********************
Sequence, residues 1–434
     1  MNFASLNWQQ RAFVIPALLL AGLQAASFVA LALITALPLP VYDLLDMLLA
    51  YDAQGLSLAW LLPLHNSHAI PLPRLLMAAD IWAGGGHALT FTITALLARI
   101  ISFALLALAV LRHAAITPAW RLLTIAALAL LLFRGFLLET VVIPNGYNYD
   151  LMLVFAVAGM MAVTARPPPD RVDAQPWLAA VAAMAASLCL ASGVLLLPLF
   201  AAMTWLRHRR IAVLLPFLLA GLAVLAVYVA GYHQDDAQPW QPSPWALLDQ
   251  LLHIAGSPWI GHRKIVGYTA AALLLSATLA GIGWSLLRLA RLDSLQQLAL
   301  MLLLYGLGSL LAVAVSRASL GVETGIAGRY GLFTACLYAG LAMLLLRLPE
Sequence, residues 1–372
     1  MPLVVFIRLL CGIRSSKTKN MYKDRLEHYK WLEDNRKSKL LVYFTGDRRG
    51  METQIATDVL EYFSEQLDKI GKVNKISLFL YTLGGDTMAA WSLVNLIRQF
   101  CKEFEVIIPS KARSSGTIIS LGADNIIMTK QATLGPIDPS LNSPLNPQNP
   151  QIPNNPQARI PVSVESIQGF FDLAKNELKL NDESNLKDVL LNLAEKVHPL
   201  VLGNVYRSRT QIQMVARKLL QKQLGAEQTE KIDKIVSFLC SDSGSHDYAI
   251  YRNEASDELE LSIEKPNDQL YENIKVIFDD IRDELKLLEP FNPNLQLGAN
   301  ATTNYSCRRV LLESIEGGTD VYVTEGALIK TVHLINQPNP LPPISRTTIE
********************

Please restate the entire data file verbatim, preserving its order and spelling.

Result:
Sequence, residues 1–434
     1  MNFASLNWQQ RAFVIPALLL AGLQAASFVA LALITALPLP VYDLLDMLLA
    51  YDAQGLSLAW LLPLHNSHAI PLPRLLMAAD IWAGGGHALT FTITALLARI
   101  ISFALLALAV LRHAAITPAW RLLTIAALAL LLFRGFLLET VVIPNGYNYD
   151  LMLVFAVAGM MAVTARPPPD RVDAQPWLAA VAAMAASLCL ASGVLLLPLF
   201  AAMTWLRHRR IAVLLPFLLA GLAVLAVYVA GYHQDDAQPW QPSPWALLDQ
   251  LLHIAGSPWI GHRKIVGYTA AALLLSATLA GIGWSLLRLA RLDSLQQLAL
   301  MLLLYGLGSL LAVAVSRASL GVETGIAGRY GLFTACLYAG LAMLLLRLPE
Sequence, residues 1–372
     1  MPLVVFIRLL CGIRSSKTKN MYKDRLEHYK WLEDNRKSKL LVYFTGDRRG
    51  METQIATDVL EYFSEQLDKI GKVNKISLFL YTLGGDTMAA WSLVNLIRQF
   101  CKEFEVIIPS KARSSGTIIS LGADNIIMTK QATLGPIDPS LNSPLNPQNP
   151  QIPNNPQARI PVSVESIQGF FDLAKNELKL NDESNLKDVL LNLAEKVHPL
   201  VLGNVYRSRT QIQMVARKLL QKQLGAEQTE KIDKIVSFLC SDSGSHDYAI
   251  YRNEASDELE LSIEKPNDQL YENIKVIFDD IRDELKLLEP FNPNLQLGAN
   301  ATTNYSCRRV LLESIEGGTD VYVTEGALIK TVHLINQPNP LPPISRTTIE